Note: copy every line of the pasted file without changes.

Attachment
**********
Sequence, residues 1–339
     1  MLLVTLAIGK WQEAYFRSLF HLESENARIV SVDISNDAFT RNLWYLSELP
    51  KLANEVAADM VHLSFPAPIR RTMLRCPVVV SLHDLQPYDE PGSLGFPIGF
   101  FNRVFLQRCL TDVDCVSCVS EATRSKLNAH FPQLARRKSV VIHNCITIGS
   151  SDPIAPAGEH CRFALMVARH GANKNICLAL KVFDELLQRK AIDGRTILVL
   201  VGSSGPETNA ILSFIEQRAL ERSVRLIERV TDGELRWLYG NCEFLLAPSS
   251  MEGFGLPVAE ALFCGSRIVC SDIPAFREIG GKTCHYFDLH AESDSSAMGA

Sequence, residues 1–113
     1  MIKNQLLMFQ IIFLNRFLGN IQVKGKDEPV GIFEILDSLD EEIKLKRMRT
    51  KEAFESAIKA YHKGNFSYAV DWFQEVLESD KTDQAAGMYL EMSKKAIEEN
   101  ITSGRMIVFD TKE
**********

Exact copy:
Sequence, residues 1–339
     1  MLLVTLAIGK WQEAYFRSLF HLESENARIV SVDISNDAFT RNLWYLSELP
    51  KLANEVAADM VHLSFPAPIR RTMLRCPVVV SLHDLQPYDE PGSLGFPIGF
   101  FNRVFLQRCL TDVDCVSCVS EATRSKLNAH FPQLARRKSV VIHNCITIGS
   151  SDPIAPAGEH CRFALMVARH GANKNICLAL KVFDELLQRK AIDGRTILVL
   201  VGSSGPETNA ILSFIEQRAL ERSVRLIERV TDGELRWLYG NCEFLLAPSS
   251  MEGFGLPVAE ALFCGSRIVC SDIPAFREIG GKTCHYFDLH AESDSSAMGA

Sequence, residues 1–113
     1  MIKNQLLMFQ IIFLNRFLGN IQVKGKDEPV GIFEILDSLD EEIKLKRMRT
    51  KEAFESAIKA YHKGNFSYAV DWFQEVLESD KTDQAAGMYL EMSKKAIEEN
   101  ITSGRMIVFD TKE